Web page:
What its makers say is the world’s biggest boat powered by the sun was unveiled in Germany on Thursday ahead of its planned circumnavigation of the globe in 2011 — the first under solar power.
“This is a unique feeling to see in front of me today a boat which I so often dreamed about,” said Raphael Domjan, the boat’s future skipper.
The sleek, 31- by 15-metre (100 by 50 foot) catamaran, known as PlanetSolar, 35 metres by 23 metres when flaps at the stern and the sides are included, will be “silent and clean,” say its makers, also called PlanetSolar.
The vessel will be able to achieve a top speed of around 15 knots, (25 kilometres per hour), and can accommodate 50 people on its round-the-world voyage.
The futuristic-looking vessel is topped by 500 square metres (5,380 square feet) of solar panels, with a bright white cockpit sticking up in the centre.
Constructed at the Knierim Yacht Club in Kiel in northern Germany, its state-of-the-art design also means it will be able to slice smoothly through the waves even in choppy waters.
PlanetSolar will be launched in late March before starring at Hamburg port’s 821st anniversary celebrations in May and undergoing testing between June and September. The world tour will then start in April 2011.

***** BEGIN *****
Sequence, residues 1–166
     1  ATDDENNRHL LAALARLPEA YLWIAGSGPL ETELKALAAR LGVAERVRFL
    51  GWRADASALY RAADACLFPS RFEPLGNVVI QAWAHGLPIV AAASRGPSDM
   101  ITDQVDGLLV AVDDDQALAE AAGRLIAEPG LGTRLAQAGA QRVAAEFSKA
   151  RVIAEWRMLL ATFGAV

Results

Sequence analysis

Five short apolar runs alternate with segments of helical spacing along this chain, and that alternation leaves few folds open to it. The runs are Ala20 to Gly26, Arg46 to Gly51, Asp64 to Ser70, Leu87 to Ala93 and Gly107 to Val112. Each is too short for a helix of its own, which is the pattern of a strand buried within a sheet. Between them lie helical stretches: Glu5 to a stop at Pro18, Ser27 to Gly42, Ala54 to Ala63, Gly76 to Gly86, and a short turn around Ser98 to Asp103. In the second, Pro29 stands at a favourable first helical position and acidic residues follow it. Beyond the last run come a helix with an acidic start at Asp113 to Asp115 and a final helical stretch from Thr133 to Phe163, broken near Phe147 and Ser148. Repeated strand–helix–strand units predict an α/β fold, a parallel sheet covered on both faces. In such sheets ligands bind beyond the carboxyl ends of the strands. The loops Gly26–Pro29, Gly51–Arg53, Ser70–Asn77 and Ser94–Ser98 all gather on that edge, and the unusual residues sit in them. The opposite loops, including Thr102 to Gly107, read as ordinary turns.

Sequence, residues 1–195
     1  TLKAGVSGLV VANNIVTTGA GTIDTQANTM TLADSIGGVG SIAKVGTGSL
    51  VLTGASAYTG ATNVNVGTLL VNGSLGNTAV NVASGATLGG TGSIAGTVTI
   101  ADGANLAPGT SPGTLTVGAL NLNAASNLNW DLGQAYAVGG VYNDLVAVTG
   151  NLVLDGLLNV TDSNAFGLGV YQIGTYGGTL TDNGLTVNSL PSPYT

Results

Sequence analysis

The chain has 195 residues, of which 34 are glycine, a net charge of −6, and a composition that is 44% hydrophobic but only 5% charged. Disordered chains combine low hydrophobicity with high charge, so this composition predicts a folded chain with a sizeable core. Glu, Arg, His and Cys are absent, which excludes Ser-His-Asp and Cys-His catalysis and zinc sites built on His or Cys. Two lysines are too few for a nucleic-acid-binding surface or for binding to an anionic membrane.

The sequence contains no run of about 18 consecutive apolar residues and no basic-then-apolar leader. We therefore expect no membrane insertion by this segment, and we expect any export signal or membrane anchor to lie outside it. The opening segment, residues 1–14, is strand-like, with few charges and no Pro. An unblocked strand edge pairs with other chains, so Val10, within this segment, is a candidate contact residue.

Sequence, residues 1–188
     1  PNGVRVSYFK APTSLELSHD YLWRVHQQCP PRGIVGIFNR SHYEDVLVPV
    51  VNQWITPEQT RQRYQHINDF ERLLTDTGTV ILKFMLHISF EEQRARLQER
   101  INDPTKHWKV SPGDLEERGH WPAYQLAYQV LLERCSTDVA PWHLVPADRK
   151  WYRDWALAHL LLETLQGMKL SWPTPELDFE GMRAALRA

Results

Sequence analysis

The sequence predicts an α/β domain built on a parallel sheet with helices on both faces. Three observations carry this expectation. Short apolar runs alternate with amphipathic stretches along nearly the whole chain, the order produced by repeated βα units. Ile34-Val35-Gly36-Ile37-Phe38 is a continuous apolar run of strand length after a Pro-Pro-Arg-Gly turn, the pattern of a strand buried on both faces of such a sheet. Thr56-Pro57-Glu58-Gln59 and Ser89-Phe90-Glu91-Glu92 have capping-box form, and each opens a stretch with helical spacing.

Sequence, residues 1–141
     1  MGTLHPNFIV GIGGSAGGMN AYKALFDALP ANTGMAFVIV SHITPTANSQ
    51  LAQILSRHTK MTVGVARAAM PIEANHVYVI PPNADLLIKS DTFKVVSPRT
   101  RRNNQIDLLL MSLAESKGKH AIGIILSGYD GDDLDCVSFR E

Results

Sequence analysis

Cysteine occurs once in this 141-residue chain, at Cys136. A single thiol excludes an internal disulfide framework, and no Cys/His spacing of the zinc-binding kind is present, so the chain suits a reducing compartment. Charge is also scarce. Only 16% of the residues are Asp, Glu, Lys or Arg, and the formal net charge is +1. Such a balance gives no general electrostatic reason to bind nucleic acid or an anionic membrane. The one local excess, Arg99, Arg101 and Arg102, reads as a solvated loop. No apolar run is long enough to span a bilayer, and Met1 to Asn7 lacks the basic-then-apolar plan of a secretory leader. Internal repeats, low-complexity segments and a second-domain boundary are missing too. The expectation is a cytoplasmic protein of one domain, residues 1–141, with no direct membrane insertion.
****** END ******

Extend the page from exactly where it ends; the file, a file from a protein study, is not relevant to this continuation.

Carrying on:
Silent and clean circumnavigations of the planet were achieved centuries ago using sail power, and PlanetSolar acknowledges that solar power is not about to become the main power source on modern cargo ships.
But instead PlanetSolar says it wants to use the voyage primarily to promote solar power and other non-polluting sources of energy, and to show what can be done.
“PlanetSolar wants to show that we can change, that solutions exist and that it isn’t too late. Future generations are looking to us; our choices will mark the future of humanity,” it said.
“PlanetSolar is a boat equipped with classical technologies available on the market.”
The two-person crew on the 60-tonne PlanetSolar plan to stick as close as possible to the Equator in order to maximise the amount of sunlight to power the vessel.
The roughly 40,000-kilometre journey is expected to last around 140 days, with organisers assuming the boat can keep up an average speed of around eight knots.
The planned route foresees the boat crossing the Atlantic Ocean, slipping through the Panama Canal, crossing the Pacific and then the Indian Ocean, before passing through the Suez Canal into the Mediterranean.
Stopovers are planned along the route including in New York, San Francisco, Darwin in Australia, Hong Kong, Singapore, Abu Dhabi and Marseille in southern France.